Britons living in France and seeking to go back to the UK and return to France should therefore not be concerned, and will just show their residency card as proof.

Most travel within the Schengen area is not subject to any border checks, for example to drive to Spain from France.

As Etias is about visitors travelling into the Schengen area, it will also not be required for a foreign non-EU resident living in France and wishing to fly to another country within the area.

How much will it cost?

An Etias will cost €7. It will be free for everyone under 18 and over 70.

How will I apply?

You must apply for an Etias online. Postal applications are not accepted. The only documentation you will need is your travel document, such as a passport, the European Commission has stated.

It will be possible to fill out an application on behalf of someone else if that person is unable themselves to apply. 

How long will the application process take?

The European Commission states that it will take less than 10 minutes to complete. 

It states that around 95% of applications will then be approved within minutes. Where more checks are required, it could take up to 96 hours. 

If additional documentation is required from the applicant, processing times can potentially take up to four weeks.

What details will an Etias application require?

  • Personal data (e.g. name, gender, data of birth, etc)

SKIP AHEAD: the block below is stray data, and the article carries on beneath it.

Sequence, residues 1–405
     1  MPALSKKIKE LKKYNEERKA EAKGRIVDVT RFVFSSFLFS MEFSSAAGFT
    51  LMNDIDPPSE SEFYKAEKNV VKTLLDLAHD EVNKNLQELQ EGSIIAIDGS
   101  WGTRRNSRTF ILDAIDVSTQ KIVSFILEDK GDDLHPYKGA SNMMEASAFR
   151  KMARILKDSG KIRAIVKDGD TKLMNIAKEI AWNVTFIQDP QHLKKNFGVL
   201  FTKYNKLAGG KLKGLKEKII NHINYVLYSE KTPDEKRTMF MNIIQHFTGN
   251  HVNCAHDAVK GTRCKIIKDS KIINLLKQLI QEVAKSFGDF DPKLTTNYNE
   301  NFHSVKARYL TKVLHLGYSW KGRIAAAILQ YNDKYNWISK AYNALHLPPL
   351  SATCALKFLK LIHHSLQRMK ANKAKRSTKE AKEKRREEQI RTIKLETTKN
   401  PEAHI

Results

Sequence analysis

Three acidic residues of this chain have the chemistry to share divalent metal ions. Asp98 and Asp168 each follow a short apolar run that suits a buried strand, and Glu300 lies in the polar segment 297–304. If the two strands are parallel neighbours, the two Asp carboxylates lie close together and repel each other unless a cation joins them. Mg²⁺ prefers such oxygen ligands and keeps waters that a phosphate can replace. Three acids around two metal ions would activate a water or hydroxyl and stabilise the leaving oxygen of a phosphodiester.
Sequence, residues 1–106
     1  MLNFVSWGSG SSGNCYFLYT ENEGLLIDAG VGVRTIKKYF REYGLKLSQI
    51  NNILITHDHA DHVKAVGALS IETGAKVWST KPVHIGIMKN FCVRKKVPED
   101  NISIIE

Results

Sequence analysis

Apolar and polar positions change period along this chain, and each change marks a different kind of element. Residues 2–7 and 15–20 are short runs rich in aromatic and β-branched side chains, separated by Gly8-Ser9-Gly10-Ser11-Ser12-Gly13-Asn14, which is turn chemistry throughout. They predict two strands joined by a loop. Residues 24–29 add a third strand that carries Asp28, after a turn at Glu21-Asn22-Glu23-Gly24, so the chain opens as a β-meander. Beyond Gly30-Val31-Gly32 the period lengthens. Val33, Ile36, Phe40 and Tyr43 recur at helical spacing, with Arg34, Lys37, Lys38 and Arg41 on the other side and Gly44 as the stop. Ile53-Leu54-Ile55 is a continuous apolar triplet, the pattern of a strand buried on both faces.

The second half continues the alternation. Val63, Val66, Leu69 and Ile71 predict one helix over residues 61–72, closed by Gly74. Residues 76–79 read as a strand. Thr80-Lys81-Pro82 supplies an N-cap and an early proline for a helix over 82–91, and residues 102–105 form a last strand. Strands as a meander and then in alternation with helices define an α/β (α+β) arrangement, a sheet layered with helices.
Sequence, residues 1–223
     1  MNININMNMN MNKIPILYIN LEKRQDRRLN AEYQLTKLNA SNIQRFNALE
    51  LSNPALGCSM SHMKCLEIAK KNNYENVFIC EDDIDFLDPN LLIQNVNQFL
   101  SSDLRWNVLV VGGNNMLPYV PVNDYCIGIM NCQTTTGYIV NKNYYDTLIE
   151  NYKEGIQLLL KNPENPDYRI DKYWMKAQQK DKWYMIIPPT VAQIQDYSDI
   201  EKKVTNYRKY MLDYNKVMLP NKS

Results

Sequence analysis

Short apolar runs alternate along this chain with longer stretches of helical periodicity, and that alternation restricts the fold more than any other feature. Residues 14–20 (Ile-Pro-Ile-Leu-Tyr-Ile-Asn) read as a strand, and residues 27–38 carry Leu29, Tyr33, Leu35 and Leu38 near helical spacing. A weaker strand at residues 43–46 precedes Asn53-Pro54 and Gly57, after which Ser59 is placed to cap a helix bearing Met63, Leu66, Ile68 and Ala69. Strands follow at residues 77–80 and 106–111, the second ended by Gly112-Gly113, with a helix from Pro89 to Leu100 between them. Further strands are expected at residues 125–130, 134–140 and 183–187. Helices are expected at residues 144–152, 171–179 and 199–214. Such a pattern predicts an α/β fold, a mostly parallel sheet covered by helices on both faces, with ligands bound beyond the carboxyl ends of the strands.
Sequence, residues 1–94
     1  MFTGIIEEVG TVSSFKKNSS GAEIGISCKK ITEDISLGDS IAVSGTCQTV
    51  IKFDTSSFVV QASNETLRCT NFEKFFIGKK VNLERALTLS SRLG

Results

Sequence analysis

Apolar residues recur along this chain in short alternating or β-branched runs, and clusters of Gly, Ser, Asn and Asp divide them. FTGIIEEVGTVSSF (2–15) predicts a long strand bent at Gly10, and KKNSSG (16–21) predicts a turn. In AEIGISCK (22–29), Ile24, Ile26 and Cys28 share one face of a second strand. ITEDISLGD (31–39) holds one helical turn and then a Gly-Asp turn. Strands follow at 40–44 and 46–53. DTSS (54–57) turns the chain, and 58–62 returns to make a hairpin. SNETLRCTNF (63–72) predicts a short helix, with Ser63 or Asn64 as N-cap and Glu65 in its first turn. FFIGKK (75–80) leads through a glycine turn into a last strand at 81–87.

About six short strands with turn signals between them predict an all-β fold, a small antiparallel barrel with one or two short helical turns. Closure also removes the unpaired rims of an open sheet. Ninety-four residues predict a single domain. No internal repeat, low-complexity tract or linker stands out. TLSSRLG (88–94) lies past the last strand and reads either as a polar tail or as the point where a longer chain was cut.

• Passport or travel document information
  • The first country you are entering
  • Background questions on health, criminal record and previous EU immigration history

Can my application be rejected?

Yes. If it is rejected, applicants will be given a reason for it and can appeal.

It should be noted that even if you are issued with an Etias after your application, the final decision to allow you entry to an Etias country will lie with the border agent. 

How long will an Etias be valid for?

An Etias will be valid for three years or until the date of the applicant's passport expiry, whichever date is sooner.

An Etias can be revoked within this timeframe if an applicant's situation changes.

What else will Etias change?

Once the Etias system is in place, everyone who requires an Etias to enter an Etias country will need to ensure they have:

  • A passport that is less than ten years old
  • A passport that is valid for at least six months beyond the last date of travel
  • Have the necessary Etias approval to travel
  • Have a passport with an electronic chip

Why is the European Commission introducing Etias?

The main aim of Etias is said to be to provide a database of travellers in a bid to tighten security in Schengen countries.

However, one unofficial website, etias.com, notes that it could also provide a financial boost to the European Commission.

“If each Etias applicant is required to pay €7, the predicted revenue for 2023 might be as much as €200million,” it claims.

Related stories:

Etias: New €7 fee to come into Schengen zone is not Brexit related

EES/ETIAS: UK must clarify effects of new EU systems, says politician